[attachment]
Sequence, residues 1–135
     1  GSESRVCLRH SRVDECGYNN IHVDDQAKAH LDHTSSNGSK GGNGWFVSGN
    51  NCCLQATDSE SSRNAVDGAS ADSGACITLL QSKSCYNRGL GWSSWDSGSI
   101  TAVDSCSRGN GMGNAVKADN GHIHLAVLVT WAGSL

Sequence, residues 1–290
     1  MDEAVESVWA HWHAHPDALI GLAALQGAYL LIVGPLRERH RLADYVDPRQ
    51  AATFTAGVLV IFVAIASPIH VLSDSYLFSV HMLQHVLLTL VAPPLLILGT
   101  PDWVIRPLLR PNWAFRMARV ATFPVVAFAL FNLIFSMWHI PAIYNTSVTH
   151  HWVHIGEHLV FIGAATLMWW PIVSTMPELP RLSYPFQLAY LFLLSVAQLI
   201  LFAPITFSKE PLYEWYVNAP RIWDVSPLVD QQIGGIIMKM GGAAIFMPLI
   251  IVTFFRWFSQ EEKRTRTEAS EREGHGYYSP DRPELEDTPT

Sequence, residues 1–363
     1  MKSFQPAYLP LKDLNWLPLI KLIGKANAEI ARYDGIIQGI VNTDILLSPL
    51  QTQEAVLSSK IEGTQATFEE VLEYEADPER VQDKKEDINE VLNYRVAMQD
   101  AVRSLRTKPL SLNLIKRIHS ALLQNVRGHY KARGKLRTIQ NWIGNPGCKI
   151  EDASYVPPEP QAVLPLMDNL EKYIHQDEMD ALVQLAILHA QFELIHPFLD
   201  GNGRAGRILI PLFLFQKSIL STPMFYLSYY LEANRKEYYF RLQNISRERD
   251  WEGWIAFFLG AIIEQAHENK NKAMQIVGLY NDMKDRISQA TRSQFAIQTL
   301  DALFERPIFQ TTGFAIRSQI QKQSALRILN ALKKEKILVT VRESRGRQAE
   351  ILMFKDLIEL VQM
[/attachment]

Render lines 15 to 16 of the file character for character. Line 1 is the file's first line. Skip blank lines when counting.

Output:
   101  AVRSLRTKPL SLNLIKRIHS ALLQNVRGHY KARGKLRTIQ NWIGNPGCKI
   151  EDASYVPPEP QAVLPLMDNL EKYIHQDEMD ALVQLAILHA QFELIHPFLD